The last parade on Strand Road

Last parade on Strand Road passing McDowell & Duncan premises, which was latter bombed.
Last parade on Strand Road passing McDowell & Duncan premises, which was latter bombed.

It was on August 12 in 1969, that the last parade by an organisation from a Protestant, Unionist or Loyalist background made its way along Strand Road.

Watching the parade was Colin Stannett, who was standing on Strand Road with his wife, taking what would turn out to be pictures of the final the outward and return journey of the bands and marchers ever to take place along Strand Road, as the Apprentice Boys of Derry staged their annual celebrations.

A tartan-clad band passes the former Craigs Engineering Works on Strand Road in 1969. (Photos: Colin Stannett)

A tartan-clad band passes the former Craigs Engineering Works on Strand Road in 1969. (Photos: Colin Stannett)

Not only are Colin’s pictures an historic record of that parade, but they are also an historic window on the past, as the Strand Road used to appear before the Troubles took their toll. Still standing ate the Londonderry Corporation building, McCandless and Piggot, Craig’s engineering works and McDowell & Duncan’s - all of which were raised to the ground in bomb attacks.

The road is as it was before the PSNI station was built, and at that time, if Colin’s memory is correct, the old asylum was actually still standing.

Perusing the pictures Colin recalled: “The pictures were taken down on Strand Road before the police station was bombed in 1969, on August 12. It was me who took the pictures. I was 29 at the time and the wife was expecting our first child. We got married in 1968.”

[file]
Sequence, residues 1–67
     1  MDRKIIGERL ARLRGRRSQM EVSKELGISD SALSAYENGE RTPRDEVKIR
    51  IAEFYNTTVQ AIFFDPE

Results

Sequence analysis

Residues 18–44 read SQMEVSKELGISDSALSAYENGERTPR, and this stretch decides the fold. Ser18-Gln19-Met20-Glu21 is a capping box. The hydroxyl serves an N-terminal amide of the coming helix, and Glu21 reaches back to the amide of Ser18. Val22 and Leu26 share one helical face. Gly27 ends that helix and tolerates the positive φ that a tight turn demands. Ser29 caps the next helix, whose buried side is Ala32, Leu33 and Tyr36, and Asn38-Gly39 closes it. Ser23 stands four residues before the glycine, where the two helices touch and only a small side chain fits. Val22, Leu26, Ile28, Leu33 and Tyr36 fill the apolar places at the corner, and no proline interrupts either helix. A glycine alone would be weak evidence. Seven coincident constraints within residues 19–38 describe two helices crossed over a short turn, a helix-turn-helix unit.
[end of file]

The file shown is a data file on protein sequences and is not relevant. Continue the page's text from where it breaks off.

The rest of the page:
Holding one of the photographs he commented: “In the background of this one you can see the Londonderry Corporation electricity showroom, which was badly bombed in the 1970s, as was McCandless and Piggot’s garage and McDowell’s...I think they were an electricity supplies showroom.

“I didn’t know it then but it was the last time any of the bands paraded on Strand Road in the Cityside and while all that was taking place while we were standing on Strand Road they had begun throwing stones at the William street Corner,” he said, adding: “I remember the very next day they used tear gas in the city for the first time”.

He continued: “The parade came down Shipquay Street, went in front of the Guildhall and up Strand Road, up Lawrence Hill, along Northland Road and down Rock Road and it came back down the Strand Road to go back up to Society Street.”

Asked how he came to rediscover the pictures, Colin said he had put the pictures in a photo album and his grandchildren Brooke and Jay had been looking at them and wanted to know more.

“I just thought I would bring them into the Sentinel because they were interesting. Many of the young women and men in the photographs in the bands would be in their 50s or 60s now and maybe they can identify themselves or others in the pictures. It would be interesting to know who they were,” said Colin.

“Its hard to believe these were taken 45 years ago. The wife and I celebrate our 46th wedding anniversary this Christmas,” he added.